US & Canada

US ex-cardinal Theodore McCarrick defrocked over abuse claims

Mr McCarrick in his priest's collar, file photo Image copyright Reuters
Image caption Multiple allegations against Theodore McCarrick have emerged

A former Roman Catholic cardinal has been defrocked after historical sexual abuse allegations.

Theodore McCarrick is the most senior Catholic figure to be dismissed from the priesthood in modern times.

US Church officials said allegations he had sexually assaulted a teenager five decades ago were credible.

Mr McCarrick, 88, had previously resigned but said he had "no recollection" of the alleged abuse.

"No bishop, no matter how influential, is above the law of the Church," Cardinal Daniel DiNardo, president of the United States Conference of Catholic Bishops said in a statement.

"For all those McCarrick abused, I pray this judgment will be one small step, among many, toward healing."

The alleged abuses may have taken place too long ago for criminal charges to be filed because of the statute of limitations.

Mr McCarrick was the archbishop of Washington DC from 2001 to 2006. Since his resignation last year from the College of Cardinals, he has been living in seclusion in a monastery in Kansas.

He was the first person to resign as a cardinal since 1927.

He is among hundreds of members of the clergy accused of sexually abusing children over several decades and his dismissal comes days before the Vatican hosts a summit on preventing child abuse.

The Vatican said Pope Francis had ruled Mr McCarrick's expulsion from the clergy as definitive, and would not allow any further appeals against the decision.


'Zero tolerance'

Martin Bashir, BBC religion editor

This is a significant moment in the Roman Catholic Church's effort to address the tide of sex abuse scandals - not least because of the high status this former Cardinal Archbishop once held.

Not only was he the first cleric in more than 100 years to resign from the College of Cardinals, but his removal from the priesthood also confirms Pope Francis' assertion that anyone found guilty of abuse will be treated with zero tolerance, regardless of their status within the church.

The Vatican has said that the investigative process was completed in January and Mr McCarrick was informed of the decision to dismiss him from the priesthood last night. It comes days before Pope Francis will host all the presidents of bishops conferences around the world at a summit in Rome.

The summit is designed to reflect upon the global challenge of abuse and to develop protocols and procedures that could be applied across continents.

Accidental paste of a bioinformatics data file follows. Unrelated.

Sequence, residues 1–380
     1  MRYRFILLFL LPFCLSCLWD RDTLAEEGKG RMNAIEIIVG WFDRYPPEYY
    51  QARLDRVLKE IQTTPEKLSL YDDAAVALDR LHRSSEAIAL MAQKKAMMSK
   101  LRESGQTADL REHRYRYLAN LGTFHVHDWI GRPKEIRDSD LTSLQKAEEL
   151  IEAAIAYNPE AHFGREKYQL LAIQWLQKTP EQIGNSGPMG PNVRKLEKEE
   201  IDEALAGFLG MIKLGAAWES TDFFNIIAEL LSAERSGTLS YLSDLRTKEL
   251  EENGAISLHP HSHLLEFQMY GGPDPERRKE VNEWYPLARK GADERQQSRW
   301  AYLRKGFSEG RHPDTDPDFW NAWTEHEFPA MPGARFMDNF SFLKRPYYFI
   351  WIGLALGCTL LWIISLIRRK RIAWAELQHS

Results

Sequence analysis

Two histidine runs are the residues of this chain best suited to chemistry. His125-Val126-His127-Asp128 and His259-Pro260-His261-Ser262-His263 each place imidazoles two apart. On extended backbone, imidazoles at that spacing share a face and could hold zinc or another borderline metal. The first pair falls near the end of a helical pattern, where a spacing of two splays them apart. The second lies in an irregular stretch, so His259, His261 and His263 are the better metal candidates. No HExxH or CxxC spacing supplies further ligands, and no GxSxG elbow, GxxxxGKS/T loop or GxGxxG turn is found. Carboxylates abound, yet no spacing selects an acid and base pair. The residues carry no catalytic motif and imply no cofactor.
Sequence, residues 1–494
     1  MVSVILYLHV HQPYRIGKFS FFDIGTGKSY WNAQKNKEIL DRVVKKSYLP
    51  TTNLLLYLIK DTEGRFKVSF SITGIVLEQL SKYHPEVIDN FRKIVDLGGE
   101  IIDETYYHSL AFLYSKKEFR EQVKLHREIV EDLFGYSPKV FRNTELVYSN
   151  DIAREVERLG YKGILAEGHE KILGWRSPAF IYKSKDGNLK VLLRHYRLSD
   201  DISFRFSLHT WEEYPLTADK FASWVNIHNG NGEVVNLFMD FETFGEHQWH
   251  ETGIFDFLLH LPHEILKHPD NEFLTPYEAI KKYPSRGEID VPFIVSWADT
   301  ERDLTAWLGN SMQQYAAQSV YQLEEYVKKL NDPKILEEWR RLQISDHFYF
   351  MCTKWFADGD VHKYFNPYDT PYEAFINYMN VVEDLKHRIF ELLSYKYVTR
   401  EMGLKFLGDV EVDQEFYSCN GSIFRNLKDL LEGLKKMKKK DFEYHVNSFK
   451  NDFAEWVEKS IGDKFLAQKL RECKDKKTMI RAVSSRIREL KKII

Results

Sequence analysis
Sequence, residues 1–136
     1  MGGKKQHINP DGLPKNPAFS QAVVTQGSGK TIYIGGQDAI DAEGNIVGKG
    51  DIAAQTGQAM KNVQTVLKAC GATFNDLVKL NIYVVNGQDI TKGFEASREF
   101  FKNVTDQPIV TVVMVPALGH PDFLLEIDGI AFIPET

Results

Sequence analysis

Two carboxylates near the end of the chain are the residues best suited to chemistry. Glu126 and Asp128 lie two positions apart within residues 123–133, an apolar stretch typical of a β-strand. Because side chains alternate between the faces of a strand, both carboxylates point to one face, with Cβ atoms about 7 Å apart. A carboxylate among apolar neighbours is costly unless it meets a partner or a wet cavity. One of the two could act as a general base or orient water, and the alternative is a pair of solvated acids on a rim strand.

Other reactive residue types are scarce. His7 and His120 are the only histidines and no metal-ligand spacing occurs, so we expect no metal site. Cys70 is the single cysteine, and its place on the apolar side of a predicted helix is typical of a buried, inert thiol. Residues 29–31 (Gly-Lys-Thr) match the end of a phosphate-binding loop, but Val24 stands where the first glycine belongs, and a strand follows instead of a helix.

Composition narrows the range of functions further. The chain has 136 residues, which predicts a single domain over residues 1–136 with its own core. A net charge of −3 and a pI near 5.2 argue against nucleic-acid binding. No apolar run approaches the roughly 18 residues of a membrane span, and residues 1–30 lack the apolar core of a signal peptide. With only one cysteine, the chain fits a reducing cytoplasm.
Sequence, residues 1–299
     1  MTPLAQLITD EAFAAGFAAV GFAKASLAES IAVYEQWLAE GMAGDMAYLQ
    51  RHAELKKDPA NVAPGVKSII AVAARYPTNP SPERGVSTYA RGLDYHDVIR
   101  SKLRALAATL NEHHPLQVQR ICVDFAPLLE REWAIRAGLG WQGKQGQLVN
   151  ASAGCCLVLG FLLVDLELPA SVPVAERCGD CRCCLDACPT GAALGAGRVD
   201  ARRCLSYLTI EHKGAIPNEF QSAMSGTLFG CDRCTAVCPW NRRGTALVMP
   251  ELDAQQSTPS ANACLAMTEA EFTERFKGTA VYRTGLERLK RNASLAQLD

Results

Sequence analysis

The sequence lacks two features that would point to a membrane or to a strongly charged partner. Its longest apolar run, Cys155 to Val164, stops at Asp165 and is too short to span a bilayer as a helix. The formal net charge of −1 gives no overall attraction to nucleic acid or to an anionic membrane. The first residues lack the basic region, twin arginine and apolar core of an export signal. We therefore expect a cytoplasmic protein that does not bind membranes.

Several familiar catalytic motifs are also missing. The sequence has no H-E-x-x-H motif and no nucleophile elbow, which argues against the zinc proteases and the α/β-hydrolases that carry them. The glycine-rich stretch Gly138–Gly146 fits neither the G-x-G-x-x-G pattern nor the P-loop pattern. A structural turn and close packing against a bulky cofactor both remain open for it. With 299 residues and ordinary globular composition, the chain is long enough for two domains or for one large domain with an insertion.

What are the allegations?

Mr McCarrick is alleged to have assaulted the teenager while working as a priest in New York in the early 1970s. The claims were made public by the current Archbishop of New York, Cardinal Timothy Dolan.

He said an independent forensic agency had investigated the allegations. A review board, including legal experts, psychologists, parents and a priest, then found the allegations "credible and substantiated".

At the time, Mr McCarrick said in a statement that had "no recollection of this reported abuse" and believed in his innocence.

Several more men have since said the cleric forced them to sleep with him at a beach house in New Jersey, while they studied for the priesthood as adult seminarians. One man has come forward saying he was assaulted while still a minor.

It has also since emerged that financial settlements were reached in at least two cases of alleged sexual misconduct with adults involving Mr McCarrick.

They involved "allegations of sexual misconduct with adults decades ago", while he was working as a bishop in New Jersey, bishops in the state told US media.

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Media caption"It's your word against God's" video testimony from three Pennsylvania victims

How does this fit into the wider sexual abuse scandal?

The dismissal of Mr McCarrick is the latest incident in a series of long-running cases of sexual abuse of children and young men by priests at the Church.

In Germany, more than 3,600 children were assaulted by priests between 1946 and 2014, a leaked report revealed in October 2018.

In the US, a Pennsylvania grand jury named more than 300 clergy in a report which found more than 1,000 children had been abused.

In June 2018, a former Vatican diplomat was sentenced to five years in prison in the Vatican for child pornography offences.

In Chile, 34 Roman Catholic bishops offered to resign in May 2018 in the wake of a child sex scandal and cover-up.

In recent weeks, Pope Francis has also admitted that priests have sexually abused nuns and in one case kept them as sex slaves.

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